Much has been made of the vaunted "youth vote" in the Obama era, of the surge in voters younger than 30 who've turned out -- many for the first time, all defying expectations -- in numbers crucial to influencing the last two presidential elections. But even during the 2012 election, younger voters in fact cast significantly fewer ballots than we might expect, given their share of the voting-eligible population.
During the last presidential election, voters aged 18-29 made up 21.2 percent of the population of voting-age citizens in the United States. But they made up just 15.4 percent of all people who actually voted. The gap between these two numbers has varied over the years, but the pattern has remained consistent for at least a generation: Younger voters are invariably underrepresented at the polls even in presidential election years.
This also means that older voters -- particularly those aged 45 and over -- are consistently overrepresented. The graph below, from a new Census analysis of data in the Current Population Survey Voting and Registration Supplements, captures this pattern over the last five presidential elections:
That graph shows, for instance, that in 2012 younger people voted at a rate that was 5.8 percentage points lower than their share of the voting-eligible population. That's a narrower gap than in 1996 and 2000. Voters 45 to 64, meanwhile, accounted in the last election for a share of the voting population that was 3.5 points higher than their share of the potential voting pool.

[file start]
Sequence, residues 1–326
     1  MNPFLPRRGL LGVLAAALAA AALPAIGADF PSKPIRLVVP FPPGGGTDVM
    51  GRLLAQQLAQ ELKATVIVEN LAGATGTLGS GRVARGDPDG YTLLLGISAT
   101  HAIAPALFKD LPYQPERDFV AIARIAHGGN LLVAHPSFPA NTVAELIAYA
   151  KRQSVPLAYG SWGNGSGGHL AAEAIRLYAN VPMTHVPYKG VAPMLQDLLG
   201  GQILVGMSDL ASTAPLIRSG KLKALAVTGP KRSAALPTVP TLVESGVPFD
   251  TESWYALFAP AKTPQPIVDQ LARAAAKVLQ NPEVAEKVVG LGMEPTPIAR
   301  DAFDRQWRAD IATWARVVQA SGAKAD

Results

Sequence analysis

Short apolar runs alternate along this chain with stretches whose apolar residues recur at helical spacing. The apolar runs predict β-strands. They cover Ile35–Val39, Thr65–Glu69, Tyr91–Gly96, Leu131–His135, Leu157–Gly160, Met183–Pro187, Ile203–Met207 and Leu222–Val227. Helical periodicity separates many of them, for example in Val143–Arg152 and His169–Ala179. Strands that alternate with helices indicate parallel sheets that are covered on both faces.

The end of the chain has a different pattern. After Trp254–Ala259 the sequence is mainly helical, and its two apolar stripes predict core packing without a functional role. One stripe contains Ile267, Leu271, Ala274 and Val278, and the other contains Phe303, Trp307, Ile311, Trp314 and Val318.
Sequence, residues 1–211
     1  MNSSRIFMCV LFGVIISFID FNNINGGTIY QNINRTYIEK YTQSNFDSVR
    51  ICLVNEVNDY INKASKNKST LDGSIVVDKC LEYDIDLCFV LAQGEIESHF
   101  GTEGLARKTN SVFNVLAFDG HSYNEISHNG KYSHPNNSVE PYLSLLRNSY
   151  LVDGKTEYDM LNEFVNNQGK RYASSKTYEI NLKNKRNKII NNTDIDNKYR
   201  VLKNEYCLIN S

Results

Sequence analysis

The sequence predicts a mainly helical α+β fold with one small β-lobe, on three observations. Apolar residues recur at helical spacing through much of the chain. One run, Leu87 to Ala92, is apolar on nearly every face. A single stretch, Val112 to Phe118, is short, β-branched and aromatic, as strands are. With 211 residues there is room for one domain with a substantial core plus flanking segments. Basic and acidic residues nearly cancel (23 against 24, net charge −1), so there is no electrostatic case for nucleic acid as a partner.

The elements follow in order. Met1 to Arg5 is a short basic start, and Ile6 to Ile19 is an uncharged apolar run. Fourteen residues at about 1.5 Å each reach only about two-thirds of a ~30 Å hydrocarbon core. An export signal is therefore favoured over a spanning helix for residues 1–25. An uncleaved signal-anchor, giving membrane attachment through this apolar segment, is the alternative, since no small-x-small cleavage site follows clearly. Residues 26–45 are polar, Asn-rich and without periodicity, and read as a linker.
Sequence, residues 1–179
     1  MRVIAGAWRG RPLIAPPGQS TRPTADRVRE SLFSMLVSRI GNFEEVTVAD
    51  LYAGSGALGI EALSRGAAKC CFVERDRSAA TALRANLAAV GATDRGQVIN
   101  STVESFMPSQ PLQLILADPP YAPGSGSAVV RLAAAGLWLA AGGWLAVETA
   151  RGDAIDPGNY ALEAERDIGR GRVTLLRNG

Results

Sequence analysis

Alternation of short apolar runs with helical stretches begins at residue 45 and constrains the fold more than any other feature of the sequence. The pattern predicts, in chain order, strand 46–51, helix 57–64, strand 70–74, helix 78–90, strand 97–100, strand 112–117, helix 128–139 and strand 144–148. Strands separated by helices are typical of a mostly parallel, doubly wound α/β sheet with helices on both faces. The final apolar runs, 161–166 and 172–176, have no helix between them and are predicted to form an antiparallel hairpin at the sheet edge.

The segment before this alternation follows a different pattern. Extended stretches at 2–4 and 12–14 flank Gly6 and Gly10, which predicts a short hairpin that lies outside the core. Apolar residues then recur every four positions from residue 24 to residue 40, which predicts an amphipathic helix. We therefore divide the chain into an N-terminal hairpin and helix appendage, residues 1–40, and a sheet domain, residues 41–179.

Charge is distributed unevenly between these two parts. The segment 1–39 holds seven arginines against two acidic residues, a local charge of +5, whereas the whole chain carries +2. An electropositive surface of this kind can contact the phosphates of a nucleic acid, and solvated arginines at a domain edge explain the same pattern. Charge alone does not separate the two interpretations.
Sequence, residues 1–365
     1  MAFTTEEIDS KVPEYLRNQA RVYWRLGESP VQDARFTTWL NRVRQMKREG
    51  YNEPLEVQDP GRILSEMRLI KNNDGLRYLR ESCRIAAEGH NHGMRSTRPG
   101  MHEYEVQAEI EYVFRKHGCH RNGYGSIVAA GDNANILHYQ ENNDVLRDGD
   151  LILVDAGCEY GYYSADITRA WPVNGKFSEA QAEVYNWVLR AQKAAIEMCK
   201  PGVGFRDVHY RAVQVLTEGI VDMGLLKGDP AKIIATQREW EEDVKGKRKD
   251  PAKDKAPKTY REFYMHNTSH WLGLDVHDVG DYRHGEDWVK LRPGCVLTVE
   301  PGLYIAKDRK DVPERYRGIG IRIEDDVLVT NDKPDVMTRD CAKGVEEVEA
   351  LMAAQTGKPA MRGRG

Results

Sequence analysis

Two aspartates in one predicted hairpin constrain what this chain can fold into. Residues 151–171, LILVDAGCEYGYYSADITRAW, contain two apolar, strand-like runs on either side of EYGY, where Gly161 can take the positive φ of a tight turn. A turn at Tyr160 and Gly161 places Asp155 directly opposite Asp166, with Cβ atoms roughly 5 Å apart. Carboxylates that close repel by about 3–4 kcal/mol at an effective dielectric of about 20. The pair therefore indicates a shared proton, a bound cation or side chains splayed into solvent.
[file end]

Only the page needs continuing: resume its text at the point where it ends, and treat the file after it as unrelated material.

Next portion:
Why does this persistent pattern matter, beyond the implications in turnout models heading into the next general election? Younger and older Americans have divergent views on a number of public policy questions, from gay marriage to legalized marijuana to immigration. And, particularly on social issues -- where older voters tend to be more conservative -- policy could shift more slowly than public opinion data would suggest if the demographic driving attitude change in America doesn't turn out to vote at rates in line with its full potential influence.
Consider views on an issue in the news this week, affirmative action. This data comes from a 2010 Pew Research Center report on the "pro-government, socially liberal generation" of so-called millennials:
Here is a similarly gaping split in response to whether people agree with the statement "I have old-fashioned values about family and marriage":
More specifically, this is the generational gap on gay marriage:
And on legalizing marijuana:
The gap is narrower but still notable on creating legal status for undocumented immigrants:
To the extent that younger would-be voters have very different views than their parents and grandparents on these questions, they're currently not translating those views in the voting booth as loudly as they could.